Lectures and Special Events
Poseidon’s Poisons and Marine Medicines
April 13, 2014
The oceans are home to a variety of species that use toxins for both defense and predation, as well as species that thrive in extreme and toxic environments. Many of these poisons also have important applications in modern medicine—e.g., the venom from marine cone snails may help treat epilepsy and even Alzheimer’s disease. Join Curator Mark Siddall for a dynamic program that expands on the Museum’s exhibition The Power of Poison and offers family-friendly activities.
Schedule of Events:
Noon and 2:30 pm
Meet some of nature’s most fascinating marine animals and learn how they adapt to their unique habitats. Zoologist and TV host Jarod Miller will introduce you to a diverse group of ocean animals large and small, from across the animal kingdom.
Live specimens include:
Marine Toad (size of a dinner plate)
Poison dart frogs
Large scorpion species
Large tarantula species
Large centipede/Millipede species
Large Monitor lizard
The live specimens coming to the program include individuals that would be toxic in the wild, but are rendered benign by their diets or other means.
Meet the Experts
1 pm, 1:30 pm, and 3:30 pm
Join host Mark Siddall with chemist Mandë Holford, biologist Marymegan Daly, and medical toxicologist Dr. Rama Rao for a series of presentations unraveling how ocean life has adapted to poison, how poisons found in the ocean can be beneficial to humans, and how families can explore the ocean together safely.
11 am – 4 pm
Ask the Scientists
Scientists Mandë Holford, Marymegan Daly, and Rama Rao are on-site throughout the day to respond to your burning questions about poison and ocean life. No inquiry is too strange or silly. Mandë, Marymegan, and Rama enjoy being challenged so go ahead and ask away!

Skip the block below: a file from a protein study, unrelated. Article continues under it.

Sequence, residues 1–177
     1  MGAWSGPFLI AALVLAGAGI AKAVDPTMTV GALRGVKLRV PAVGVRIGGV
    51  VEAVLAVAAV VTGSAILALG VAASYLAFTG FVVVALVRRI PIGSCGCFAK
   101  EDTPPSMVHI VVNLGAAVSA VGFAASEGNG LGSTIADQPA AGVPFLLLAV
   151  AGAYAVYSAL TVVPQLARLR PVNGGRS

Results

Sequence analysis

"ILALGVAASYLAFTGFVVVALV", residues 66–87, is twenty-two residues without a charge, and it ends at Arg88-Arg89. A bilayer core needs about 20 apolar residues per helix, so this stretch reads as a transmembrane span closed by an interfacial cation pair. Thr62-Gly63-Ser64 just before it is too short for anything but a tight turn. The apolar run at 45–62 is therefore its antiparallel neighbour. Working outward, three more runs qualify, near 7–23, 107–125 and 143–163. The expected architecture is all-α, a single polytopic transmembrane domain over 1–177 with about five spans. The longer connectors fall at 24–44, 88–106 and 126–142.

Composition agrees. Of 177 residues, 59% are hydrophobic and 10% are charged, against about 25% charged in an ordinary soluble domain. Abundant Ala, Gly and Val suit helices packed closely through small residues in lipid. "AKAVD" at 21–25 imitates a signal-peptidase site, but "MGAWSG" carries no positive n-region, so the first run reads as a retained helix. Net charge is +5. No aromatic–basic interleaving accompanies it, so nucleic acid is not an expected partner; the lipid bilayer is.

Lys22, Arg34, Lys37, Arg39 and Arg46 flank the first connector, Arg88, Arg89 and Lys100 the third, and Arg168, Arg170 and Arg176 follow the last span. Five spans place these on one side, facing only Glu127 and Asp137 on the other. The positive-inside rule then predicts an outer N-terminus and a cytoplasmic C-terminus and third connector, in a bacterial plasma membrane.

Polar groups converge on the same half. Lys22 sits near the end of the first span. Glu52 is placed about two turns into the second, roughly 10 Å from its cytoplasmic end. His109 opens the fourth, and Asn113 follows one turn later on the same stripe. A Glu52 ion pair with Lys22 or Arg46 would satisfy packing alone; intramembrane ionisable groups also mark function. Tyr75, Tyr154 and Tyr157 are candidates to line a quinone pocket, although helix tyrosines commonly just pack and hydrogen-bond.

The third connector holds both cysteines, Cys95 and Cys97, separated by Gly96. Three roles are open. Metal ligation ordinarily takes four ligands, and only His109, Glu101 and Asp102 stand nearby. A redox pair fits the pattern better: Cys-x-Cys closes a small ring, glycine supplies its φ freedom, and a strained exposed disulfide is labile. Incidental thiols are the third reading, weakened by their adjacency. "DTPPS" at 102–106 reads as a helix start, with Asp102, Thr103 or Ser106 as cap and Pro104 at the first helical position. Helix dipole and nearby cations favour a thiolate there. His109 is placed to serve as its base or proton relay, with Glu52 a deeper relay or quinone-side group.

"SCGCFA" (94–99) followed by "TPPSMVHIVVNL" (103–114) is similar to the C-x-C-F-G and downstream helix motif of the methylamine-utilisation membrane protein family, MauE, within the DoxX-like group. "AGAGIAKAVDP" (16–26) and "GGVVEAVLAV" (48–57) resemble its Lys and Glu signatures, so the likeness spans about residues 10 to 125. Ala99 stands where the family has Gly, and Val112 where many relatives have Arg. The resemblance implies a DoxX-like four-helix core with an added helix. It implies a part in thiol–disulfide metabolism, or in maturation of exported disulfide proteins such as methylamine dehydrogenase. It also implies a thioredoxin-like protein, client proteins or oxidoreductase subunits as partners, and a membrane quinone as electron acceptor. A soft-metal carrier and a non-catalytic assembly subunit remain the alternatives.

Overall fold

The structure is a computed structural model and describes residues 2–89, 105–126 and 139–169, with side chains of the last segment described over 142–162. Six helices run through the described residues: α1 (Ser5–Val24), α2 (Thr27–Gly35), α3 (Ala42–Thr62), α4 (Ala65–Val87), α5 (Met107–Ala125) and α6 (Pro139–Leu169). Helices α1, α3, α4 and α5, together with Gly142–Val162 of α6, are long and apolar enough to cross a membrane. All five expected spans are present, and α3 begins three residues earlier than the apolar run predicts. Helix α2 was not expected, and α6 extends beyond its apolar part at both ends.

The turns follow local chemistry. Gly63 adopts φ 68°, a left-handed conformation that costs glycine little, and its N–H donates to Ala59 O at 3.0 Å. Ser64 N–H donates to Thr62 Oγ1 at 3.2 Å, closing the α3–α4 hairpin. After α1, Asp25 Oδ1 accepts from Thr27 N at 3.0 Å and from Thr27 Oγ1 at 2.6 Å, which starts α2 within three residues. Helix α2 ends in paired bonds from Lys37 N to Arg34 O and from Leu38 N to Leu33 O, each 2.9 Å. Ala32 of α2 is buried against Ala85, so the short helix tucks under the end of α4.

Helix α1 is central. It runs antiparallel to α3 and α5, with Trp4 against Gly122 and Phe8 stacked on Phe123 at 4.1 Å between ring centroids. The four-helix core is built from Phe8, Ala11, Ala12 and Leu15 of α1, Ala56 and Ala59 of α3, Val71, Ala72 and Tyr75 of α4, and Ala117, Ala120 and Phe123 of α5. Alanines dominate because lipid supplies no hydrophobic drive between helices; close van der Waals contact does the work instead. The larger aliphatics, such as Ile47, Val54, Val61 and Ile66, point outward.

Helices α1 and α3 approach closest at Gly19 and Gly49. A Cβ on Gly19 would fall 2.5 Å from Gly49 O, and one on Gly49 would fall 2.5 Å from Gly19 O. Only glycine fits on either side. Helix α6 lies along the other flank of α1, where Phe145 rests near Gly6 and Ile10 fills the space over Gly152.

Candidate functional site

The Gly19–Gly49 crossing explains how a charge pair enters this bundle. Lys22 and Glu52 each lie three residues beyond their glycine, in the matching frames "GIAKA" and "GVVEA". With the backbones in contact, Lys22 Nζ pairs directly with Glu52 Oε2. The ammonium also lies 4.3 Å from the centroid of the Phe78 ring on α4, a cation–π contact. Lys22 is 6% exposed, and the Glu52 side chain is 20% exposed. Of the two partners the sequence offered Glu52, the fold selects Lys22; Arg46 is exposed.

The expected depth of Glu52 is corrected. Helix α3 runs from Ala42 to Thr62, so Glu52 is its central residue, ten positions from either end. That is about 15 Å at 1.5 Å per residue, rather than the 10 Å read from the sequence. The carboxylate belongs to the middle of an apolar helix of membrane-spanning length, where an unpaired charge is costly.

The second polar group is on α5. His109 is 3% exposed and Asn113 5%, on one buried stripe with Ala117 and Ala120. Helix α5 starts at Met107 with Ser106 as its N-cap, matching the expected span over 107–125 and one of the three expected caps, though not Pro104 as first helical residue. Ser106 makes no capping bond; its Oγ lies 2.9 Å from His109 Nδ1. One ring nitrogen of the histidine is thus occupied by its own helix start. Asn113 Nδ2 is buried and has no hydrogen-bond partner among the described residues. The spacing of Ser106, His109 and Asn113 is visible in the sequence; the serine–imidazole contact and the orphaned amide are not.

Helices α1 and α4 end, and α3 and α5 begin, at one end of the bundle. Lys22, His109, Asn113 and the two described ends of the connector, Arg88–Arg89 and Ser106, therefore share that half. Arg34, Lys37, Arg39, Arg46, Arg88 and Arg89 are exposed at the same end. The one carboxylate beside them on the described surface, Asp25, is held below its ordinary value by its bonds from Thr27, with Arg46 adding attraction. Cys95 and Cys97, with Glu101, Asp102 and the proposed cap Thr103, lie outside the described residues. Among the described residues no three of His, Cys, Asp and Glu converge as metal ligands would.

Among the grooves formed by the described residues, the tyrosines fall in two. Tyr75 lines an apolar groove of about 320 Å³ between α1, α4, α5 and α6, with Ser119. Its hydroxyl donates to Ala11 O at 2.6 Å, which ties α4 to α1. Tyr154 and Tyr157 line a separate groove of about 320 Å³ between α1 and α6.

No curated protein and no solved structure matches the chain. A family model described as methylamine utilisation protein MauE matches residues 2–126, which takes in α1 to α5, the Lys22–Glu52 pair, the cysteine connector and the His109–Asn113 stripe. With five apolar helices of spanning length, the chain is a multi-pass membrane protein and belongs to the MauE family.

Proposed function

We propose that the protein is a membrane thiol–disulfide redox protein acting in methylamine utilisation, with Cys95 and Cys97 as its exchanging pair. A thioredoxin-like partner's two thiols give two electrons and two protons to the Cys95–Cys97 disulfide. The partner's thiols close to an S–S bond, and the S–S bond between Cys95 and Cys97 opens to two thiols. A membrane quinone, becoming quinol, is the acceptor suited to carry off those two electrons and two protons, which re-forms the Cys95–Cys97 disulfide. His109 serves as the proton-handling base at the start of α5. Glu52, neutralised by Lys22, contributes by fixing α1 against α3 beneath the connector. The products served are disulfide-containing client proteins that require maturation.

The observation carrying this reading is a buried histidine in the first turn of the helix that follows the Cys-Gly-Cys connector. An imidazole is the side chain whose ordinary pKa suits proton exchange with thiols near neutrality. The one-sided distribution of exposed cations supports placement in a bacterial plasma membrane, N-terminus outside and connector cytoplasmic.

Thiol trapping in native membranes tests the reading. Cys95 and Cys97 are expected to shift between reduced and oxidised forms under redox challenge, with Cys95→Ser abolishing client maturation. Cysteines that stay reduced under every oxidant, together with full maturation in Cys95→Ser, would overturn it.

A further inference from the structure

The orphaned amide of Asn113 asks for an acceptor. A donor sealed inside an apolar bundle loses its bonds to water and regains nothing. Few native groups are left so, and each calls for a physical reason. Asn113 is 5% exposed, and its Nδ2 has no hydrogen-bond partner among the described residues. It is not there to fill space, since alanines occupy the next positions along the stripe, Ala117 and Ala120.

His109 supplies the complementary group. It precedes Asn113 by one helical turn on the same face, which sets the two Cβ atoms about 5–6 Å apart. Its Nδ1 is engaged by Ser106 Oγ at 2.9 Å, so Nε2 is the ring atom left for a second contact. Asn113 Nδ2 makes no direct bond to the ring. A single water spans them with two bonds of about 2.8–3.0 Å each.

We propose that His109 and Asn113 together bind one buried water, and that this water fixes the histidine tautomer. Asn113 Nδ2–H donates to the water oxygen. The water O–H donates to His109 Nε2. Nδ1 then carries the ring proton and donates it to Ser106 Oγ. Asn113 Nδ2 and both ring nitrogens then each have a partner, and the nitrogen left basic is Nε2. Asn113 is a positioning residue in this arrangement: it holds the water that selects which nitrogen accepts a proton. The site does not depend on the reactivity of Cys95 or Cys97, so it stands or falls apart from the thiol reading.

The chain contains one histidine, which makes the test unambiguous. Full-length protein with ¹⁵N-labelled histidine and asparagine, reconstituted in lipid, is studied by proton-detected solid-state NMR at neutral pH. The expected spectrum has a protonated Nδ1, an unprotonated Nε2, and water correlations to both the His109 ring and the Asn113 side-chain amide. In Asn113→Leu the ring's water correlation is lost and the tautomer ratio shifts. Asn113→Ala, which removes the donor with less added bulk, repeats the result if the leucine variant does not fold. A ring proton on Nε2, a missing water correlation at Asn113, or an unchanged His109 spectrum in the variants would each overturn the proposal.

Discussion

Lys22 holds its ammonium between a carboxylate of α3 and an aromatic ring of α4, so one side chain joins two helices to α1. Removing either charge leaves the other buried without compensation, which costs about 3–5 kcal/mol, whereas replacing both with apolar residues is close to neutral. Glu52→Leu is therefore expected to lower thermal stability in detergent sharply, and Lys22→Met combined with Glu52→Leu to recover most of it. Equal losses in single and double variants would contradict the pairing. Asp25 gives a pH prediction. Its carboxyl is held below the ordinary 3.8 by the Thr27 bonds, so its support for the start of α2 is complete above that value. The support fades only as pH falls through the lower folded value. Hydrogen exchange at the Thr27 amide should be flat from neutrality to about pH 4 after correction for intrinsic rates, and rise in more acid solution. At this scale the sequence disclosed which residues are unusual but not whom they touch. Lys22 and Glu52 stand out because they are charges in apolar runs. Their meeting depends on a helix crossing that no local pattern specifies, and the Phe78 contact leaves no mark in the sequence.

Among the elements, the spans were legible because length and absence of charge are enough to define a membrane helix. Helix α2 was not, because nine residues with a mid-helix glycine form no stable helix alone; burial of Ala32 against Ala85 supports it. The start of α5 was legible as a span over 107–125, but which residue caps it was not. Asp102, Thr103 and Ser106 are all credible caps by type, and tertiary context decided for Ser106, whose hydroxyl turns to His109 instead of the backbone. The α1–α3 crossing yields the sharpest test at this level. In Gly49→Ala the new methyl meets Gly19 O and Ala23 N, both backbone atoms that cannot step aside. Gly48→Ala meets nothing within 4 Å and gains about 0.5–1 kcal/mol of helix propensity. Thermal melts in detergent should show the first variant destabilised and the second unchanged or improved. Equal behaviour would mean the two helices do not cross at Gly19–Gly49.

Power of Poisons
Have you ever wondered how a plant can protect itself from attack by insects, larger plant-eaters, and even other plants? Or how spiders and snakes are able to capture prey and to defend themselves? Come explore this hands-on station where you will have the chance to touch and observe specimens and learn about the power of poison.
Poisonous Pokes, Venomous Vectors, Delivering the Dose
Evolution has brought about a variety of ways of getting poison where it is needed, when it is needed: fangs, tentacle tips, and stingers. Using a variety of microscopes to observe insects, spiders, hydra, and more, take a close-up look at some creatures that put venom to use in their daily lives.
Seek and You Shall Find: Venom and Toxins in the Ocean
The ocean is home to many different kinds of animals…and many different poisons! Explore the biodiversity of marine life and toxins while designing your own poison warning pattern—zig-zags, polka dots. You choose!
Activities at this station will be supported by students from M362: Columbia Secondary School (an Urban Advantage participating school).
The Milstein Science Series is proudly sponsored by the Irma and Paul Milstein Family.
More in this Series:
June 3, 2016
Sylvia Earle and E. O. Wilson are joined by anthropologist Jenny Newell, curator of Pacific Ethnology at the American Museum of Natural History, and visual artist Lynette Wallworth for a rallying event about what we humans can—and must—do to save our wondrous planet.
June 5, 2016 - June 26, 2016
The Theodore Roosevelt Memorial comes to life with weekly performances and hands-on activities inspired by America’s breathtaking natural landscapes.
June 5, 2016 - June 29, 2016
From concerts and hands-on activities to a film screening and conversations with experts, discover the wonder of the natural parks from the heart of the city!
June 7, 2016
Currently visiting the East Coast from the Everglades to New England, Hōkūleʻa is in the midst of a 47,000-nautical-mile worldwide voyage to celebrate indigenous cultures and to raise awareness of the need to steward the Earth’s resources.
June 23, 2016
Soar over red rock canyons, hurtle down steep mountain peaks, and explore otherworldly realms found in our country’s most legendary spaces. A discussion with experts will follow the screening.
June 29, 2016
Drawing on Roosevelt’s diaries and expedition journals, museum naturalist Darrin Lunde will discuss Roosevelt’s life and legacy as a champion of scientific inquiry and wilderness.